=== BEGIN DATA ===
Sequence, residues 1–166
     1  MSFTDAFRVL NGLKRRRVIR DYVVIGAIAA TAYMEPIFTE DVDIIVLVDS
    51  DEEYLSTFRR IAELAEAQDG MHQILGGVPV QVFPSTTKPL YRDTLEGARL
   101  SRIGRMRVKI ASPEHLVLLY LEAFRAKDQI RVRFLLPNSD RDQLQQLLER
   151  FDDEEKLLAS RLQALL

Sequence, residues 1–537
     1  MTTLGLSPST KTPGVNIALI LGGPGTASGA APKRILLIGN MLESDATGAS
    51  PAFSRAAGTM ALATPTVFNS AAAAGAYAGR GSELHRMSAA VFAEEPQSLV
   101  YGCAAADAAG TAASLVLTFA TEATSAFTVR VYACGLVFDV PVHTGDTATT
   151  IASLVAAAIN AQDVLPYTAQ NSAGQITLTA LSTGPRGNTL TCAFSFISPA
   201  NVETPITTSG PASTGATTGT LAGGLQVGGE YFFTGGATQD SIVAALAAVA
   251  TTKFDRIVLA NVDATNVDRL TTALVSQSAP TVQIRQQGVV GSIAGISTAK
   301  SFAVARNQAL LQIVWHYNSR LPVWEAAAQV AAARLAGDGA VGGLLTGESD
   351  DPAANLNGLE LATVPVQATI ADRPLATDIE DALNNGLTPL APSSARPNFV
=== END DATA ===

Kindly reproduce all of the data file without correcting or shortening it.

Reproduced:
Sequence, residues 1–166
     1  MSFTDAFRVL NGLKRRRVIR DYVVIGAIAA TAYMEPIFTE DVDIIVLVDS
    51  DEEYLSTFRR IAELAEAQDG MHQILGGVPV QVFPSTTKPL YRDTLEGARL
   101  SRIGRMRVKI ASPEHLVLLY LEAFRAKDQI RVRFLLPNSD RDQLQQLLER
   151  FDDEEKLLAS RLQALL

Sequence, residues 1–537
     1  MTTLGLSPST KTPGVNIALI LGGPGTASGA APKRILLIGN MLESDATGAS
    51  PAFSRAAGTM ALATPTVFNS AAAAGAYAGR GSELHRMSAA VFAEEPQSLV
   101  YGCAAADAAG TAASLVLTFA TEATSAFTVR VYACGLVFDV PVHTGDTATT
   151  IASLVAAAIN AQDVLPYTAQ NSAGQITLTA LSTGPRGNTL TCAFSFISPA
   201  NVETPITTSG PASTGATTGT LAGGLQVGGE YFFTGGATQD SIVAALAAVA
   251  TTKFDRIVLA NVDATNVDRL TTALVSQSAP TVQIRQQGVV GSIAGISTAK
   301  SFAVARNQAL LQIVWHYNSR LPVWEAAAQV AAARLAGDGA VGGLLTGESD
   351  DPAANLNGLE LATVPVQATI ADRPLATDIE DALNNGLTPL APSSARPNFV